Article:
Patients don’t care enough to write online hospital reviews

Seems like a good time to consider the following data, drawn from the Pew Internet and Life Project Report, which makes it pretty clear how little engagement consumers have with hospitals.

According to Pew data from  blogger Nicola Ziady, 60 percent of e-patients engage with social media (sidestepping for now the question of how to *really* define an e-patient). What do they do online? According to Ziady’s data:

  • 33% have gotten information about how to lose or control their weight
  • 27% have gotten information about health insurance
  • 24% have consulted rankings or reviews online of hospitals
  • 12% have gotten information about how to stay healthy on an overseas trip
  • 24% have consulted rankings or reviews of doctors
  • 19% have signed up to receive updates about health or medical issues
  • 13% have listened to a podcast about health or medical issues
  • 5% have reviewed a doctor

And right at the bottom of the list we find this stat:

  • 4% have reviewed a hospital

I don’t know about you, but that looks like a danger sign to me.  Hospitals require such a HUGE investment of resources from patients  — sometimes money, and sometimes just loyalty and energy — that you’d think they’d be raring to comment.  Seemingly, they’re not.

To me, that’s much more striking than the low rate of comments on physicians, given that many of those encounters are routine.

I guess what I’m saying here is this, guys:  What are we doing to leave patients so untouched, unconnected and unimpressed (maybe not disappointed, but not impressed) by their hospital stay that they do nothing to communicate about it on their own? Isn’t this death, at least, for services like labor and delivery where the gossip factor rates very highly in choosing a facility?   Hey, in this situation, complaints may be better than silence.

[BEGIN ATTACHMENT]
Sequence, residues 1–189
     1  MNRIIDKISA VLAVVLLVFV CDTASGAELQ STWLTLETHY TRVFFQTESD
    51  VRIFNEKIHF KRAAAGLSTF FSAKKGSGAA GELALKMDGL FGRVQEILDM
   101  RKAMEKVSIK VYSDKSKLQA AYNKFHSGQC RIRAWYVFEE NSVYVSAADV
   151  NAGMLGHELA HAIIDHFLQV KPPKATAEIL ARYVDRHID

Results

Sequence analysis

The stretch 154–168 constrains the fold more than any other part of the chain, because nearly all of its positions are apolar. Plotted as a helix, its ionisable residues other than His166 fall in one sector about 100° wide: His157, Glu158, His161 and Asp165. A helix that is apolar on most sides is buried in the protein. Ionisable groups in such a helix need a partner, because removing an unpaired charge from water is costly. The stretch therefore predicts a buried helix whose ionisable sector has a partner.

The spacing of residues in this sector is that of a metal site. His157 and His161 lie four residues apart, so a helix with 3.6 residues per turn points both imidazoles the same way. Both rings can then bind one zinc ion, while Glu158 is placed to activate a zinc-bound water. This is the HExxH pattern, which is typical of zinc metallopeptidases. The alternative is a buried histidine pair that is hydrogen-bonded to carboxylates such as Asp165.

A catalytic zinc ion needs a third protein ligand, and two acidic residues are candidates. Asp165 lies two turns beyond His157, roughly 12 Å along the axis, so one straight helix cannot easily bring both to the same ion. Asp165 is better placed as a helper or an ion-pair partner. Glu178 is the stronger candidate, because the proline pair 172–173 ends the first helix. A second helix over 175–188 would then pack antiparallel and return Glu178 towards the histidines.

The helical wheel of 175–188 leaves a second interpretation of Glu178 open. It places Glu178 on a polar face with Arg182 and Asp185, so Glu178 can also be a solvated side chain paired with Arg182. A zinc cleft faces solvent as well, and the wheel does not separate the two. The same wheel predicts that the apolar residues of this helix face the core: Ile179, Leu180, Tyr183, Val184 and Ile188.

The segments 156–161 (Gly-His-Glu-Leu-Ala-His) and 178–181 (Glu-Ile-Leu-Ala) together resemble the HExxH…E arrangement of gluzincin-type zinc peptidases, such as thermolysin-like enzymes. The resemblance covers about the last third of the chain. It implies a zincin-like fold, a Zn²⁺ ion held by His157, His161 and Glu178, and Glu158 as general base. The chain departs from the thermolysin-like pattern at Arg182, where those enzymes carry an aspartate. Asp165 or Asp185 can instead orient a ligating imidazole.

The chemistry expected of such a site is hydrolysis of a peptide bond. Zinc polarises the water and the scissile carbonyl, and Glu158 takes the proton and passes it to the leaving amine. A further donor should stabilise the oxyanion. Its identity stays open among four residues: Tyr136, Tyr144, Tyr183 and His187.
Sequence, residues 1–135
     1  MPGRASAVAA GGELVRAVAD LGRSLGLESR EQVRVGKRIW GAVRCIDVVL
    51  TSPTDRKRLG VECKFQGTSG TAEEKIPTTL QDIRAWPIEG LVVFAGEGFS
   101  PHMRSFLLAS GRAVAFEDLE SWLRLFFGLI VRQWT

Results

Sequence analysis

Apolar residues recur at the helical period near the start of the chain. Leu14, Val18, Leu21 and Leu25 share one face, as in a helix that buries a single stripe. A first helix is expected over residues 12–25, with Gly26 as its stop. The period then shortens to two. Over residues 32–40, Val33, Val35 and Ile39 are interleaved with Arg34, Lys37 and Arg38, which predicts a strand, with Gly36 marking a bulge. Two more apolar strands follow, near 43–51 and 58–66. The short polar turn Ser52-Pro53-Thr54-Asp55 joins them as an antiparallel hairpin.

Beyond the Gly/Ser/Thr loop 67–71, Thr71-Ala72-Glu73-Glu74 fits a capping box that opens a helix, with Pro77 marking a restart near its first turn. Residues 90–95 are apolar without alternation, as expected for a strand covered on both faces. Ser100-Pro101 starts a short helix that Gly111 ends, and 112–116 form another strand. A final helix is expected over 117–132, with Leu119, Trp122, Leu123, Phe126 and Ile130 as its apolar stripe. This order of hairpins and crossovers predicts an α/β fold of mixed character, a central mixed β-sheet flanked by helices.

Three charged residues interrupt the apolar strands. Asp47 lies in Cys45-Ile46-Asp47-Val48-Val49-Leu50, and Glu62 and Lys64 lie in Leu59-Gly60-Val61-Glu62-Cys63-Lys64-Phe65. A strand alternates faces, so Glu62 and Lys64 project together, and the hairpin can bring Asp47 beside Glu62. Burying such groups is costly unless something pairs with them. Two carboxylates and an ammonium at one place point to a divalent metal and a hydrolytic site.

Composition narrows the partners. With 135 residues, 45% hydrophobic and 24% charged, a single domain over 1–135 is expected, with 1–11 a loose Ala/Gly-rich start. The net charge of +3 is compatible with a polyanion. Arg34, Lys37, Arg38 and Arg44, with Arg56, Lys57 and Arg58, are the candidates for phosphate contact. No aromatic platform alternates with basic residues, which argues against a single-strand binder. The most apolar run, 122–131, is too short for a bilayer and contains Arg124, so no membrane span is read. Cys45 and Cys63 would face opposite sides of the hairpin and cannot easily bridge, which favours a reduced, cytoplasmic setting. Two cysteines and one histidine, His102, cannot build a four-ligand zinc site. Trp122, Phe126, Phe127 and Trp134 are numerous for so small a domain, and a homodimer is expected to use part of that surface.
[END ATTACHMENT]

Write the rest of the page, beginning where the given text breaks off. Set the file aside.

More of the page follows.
About the author

Anne Zieger

Anne Zieger

Anne Zieger is a healthcare journalist who has written about the industry for 30 years. Her work has appeared in all of the leading healthcare industry publications, and she's served as editor in chief of several healthcare B2B sites.


  • Gee – that is amazing that 4% have not only the desire to review a hospital. but have any CLUE how to do it !!!

  • This doesn’t really surprise me as one’s mindset after giving birth or dealing with a traumatic health episode (which is the other reason most people end up in the hospital) is not to rush to the computer and write reviews.

    Perhaps if hospital websites provided more content that offered follow-up care (a forum for new parents, post-operative care instructions for surgery patients, etc), it would give patients or their loved ones a reason to visit the website after their stay. A request for reviews could be solicited somewhere on those content pages.

    People generally have to be encouraged to write a review. That could be done with a card provided on the meal tray (with the option to fill it in or go online when they return home) or a flyer included in new parents’ take home bags as well as on the website.

  • Anne —